Queue Life: Getting to the Front
Orders are executed in a
Trading rates are somewhat difficult to estimate, but there is a clear relationship between the probability an order will be executed and the ratio of its queue size to the opposite queue size (e.g., the bid queue size versus the ask queue size). This is shown in figure 8 as pUP.
If trading rates are hard, then cancel rates are even harder. The question is, given your place in the queue, what is the probability a cancel will come from in front of you (thereby allowing you to move up)? This is very difficult to estimate, but our own trading and some historical data provides the basis for an engineering estimate.
To start, we know that if we are in the back of the queue, the probability of a cancel coming from in front of us is 100 percent. If we're in the front, it's 0 percent.
Figure 9 is a chart of the empirical percentage of time a cancel comes in front of your order; it is a function of the percentage of orders that are behind you in the queue. For example, if you are at 0 on the
We often say you get to the front of the queue via two methods: promotion, which is a
Profit and the Big Queue
If your order is executed on a large queue, then you have a free option to collect the spread. If one of your orders on the opposite queue is executed, then you collect the difference between the price at which you bought the asset (bid side of $9) and the price at which you sold the asset (offer side of $10).
In the event the queue you were executed on gets too small, you can aggress the order that was behind you. This means crossing the bid/ask spread and forcing a trade to occur. If you get executed passively, you are aggressed upon by another order sitting on a queue. As long as another order is behind you, you can unwind the trade, meaning you can aggress the order behind.
Aggressively unwinding a trade is called scratching the trade. You didn't make a spread; you didn't lose a spread. It's a
An exchange is the collection of systems that facilitate the electronic execution of assets in a centrally controlled and managed service. Today, exchanges are in a fight to offer faster and faster trading to their clients, facing some of the same latency issues as their newer HFT clients.
For exchanges, collocation can be an invaluable source of revenue. The more incumbent exchanges run their own data centers (such as NYSE and Nasdaq), and customers pay collocation fees to the exchanges directly. Newer exchanges must collocate in
When exchanges operate inside
Exchange networking is as challenging as HFT networking but also has a deeper focus on security. Information arbitrage, or the practice of gaining information about a market that is not directly intended for the recipient, is a major concern. An example of information arbitrage is when an exchange participant "snoops" the wire to read packets from other participants. This practice is easily thwarted with deployment of VLANs for each client.
Most exchanges still deploy 1GbE at the edge. This is both a function of history (change management in an exchange is a long process) and practicality. By putting 1GbE edge networks in place, the exchange can protect itself somewhat from the onslaught of messages by both limiting the inbound bandwidth and adding a subtle transcoding hit. For example, a 1GbE Arista 7048 has a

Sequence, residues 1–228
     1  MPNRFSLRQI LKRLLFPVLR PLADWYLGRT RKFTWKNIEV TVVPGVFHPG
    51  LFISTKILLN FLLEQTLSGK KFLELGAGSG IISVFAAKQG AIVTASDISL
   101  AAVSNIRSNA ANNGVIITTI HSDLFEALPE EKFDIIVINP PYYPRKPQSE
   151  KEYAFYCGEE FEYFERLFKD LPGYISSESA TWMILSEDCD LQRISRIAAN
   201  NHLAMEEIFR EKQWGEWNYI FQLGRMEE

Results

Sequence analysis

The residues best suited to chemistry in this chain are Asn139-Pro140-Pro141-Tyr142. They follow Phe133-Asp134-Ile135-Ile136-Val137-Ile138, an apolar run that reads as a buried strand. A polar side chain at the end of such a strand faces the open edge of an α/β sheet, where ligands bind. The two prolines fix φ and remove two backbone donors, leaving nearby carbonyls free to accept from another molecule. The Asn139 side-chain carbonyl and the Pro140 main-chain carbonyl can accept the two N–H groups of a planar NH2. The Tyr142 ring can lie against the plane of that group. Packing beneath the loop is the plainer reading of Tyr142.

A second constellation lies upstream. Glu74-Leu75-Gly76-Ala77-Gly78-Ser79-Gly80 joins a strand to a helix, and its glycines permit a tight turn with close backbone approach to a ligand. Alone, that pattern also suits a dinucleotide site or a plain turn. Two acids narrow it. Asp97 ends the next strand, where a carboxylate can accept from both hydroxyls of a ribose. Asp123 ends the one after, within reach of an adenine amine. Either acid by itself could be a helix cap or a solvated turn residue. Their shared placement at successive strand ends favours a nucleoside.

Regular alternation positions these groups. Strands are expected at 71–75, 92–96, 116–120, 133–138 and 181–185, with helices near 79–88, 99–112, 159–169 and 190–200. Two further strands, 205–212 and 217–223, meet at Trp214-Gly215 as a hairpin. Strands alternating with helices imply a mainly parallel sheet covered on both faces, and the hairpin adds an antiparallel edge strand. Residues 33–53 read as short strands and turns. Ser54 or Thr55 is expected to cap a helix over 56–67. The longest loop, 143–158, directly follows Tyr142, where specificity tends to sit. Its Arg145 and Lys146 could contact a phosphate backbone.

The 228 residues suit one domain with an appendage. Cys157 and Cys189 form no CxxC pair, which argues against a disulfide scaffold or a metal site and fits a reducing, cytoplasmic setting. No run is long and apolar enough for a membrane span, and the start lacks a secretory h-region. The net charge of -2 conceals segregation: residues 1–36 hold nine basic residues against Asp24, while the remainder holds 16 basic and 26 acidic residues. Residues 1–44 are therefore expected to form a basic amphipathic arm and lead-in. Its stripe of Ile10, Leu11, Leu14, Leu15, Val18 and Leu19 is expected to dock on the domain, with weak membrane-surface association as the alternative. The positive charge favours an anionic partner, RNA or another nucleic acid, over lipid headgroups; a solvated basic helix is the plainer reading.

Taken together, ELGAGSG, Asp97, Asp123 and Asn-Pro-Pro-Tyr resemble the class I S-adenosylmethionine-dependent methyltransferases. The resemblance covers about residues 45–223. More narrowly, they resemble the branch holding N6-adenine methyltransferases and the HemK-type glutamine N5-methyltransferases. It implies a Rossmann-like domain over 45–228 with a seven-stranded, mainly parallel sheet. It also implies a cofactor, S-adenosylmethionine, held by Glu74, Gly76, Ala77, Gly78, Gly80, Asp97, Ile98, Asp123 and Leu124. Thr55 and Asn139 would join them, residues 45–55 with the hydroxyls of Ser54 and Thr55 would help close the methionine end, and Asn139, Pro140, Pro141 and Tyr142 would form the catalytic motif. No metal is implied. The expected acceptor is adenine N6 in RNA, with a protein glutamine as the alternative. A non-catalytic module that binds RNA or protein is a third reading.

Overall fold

The gateway is the first exchange subsystem that client flow encounters. Gateways have evolved over the years to take on more responsibility, but at the core they serve as feed handlers and tickerplants. The gateway receives a client request to trade (historically in the FIX format, but as latency became paramount, exchanges have switched to proprietary binary protocols). It then translates the request to a more efficient internal protocol, and routes the request to the appropriate underlying exchange matching engine.
The gateway also serves as the first line of defense for erroneous trades. For example, if a client attempts to buy AAPL for $5,000 (whereas AAPL is offered at $461), the gateway can reject the order.
Market Data Gateway
Traditionally the Order Gateway (which receives client requests to trade) and the Market Data Gateway (which distributes
Gateways are often shared across customers, as a gateway for each and every exchange participant would likely require a massive
A is connected to two distinct gateways. In 11b, Client A induces extreme load on Gateway 1, causing Client B traffic to slow. In 11c, Gateway 1, not under load, slows all attempts for Client B to cancel resting markets. Client A has an advantage with the
The matching engine is the core of the exchange, and like its HFT cousins is fairly straightforward. A matching engine, shown in figure 12, is a simple queue management system, with a queue of bids and a queue of offers. When a customer attempts to execute against a queue, the exchange searches the queue until it reaches the requested size and removes those orders from the queue.
The difficulties arrive in determining who receives notifications first. The aggressing party does not know (for certain) it has traded 10,000 shares until receiving a confirmation. The passive parties do not know they've been executed until they receive a confirmation. Finally, the market as a whole does not know the trade has occurred until the market data is published with the new queue. Problems such as this are becoming increasingly more difficult to solve as we move from milliseconds to microseconds to nanoseconds.
The world of
1. Arista Networks. 7124FX Application Switch; http://www.aristanetworks.com/en/products/7100series/7124fx/7124fx-development.
2. Arista Networks; 7150 Series 1/10 GbE SFP
3. CBS News. 2010. Robot traders of the NYSE. Sixty Minutes Overtime; http://www.cbsnews.com/video/watch/?id=6942497n&tag=related;photovideo.
4. Millar, M. 2011. "Lightning fast" future traders working in nanoseconds. BBC News; http://www.bbc.co.uk/news/business-15722530.
5. Moyer, L., Lambert, E. 2009. Wall Street's new masters. Forbes (Sept. 21):
6. Nasdaq. 2013. Nasdaq
7. Nasdaq. OMX
8. Nasdaq. 2012. OUCH Version 3.1; http://www.nasdaqtrader.com/content/technicalsupport/specifications/TradingProducts/NQBX_OUCH3.1.pdf.
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Jacob Loveless is the CEO of Lucera
© 2013 ACM
Originally published in Queue vol. 11, no. 8—